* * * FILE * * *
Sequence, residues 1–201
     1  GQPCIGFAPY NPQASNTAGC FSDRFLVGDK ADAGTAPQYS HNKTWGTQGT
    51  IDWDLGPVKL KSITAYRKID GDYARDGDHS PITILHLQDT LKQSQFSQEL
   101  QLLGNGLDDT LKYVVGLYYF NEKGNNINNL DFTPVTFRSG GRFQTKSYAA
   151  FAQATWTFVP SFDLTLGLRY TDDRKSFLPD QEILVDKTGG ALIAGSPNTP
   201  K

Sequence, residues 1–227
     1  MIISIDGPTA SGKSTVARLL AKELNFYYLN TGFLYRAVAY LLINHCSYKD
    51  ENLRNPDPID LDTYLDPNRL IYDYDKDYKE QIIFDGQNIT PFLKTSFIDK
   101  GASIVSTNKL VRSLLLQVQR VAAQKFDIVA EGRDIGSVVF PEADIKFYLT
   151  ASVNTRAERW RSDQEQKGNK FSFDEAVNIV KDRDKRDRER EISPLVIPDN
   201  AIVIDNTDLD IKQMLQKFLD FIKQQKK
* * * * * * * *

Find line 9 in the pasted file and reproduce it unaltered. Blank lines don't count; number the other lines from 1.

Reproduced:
    51  ENLRNPDPID LDTYLDPNRL IYDYDKDYKE QIIFDGQNIT PFLKTSFIDK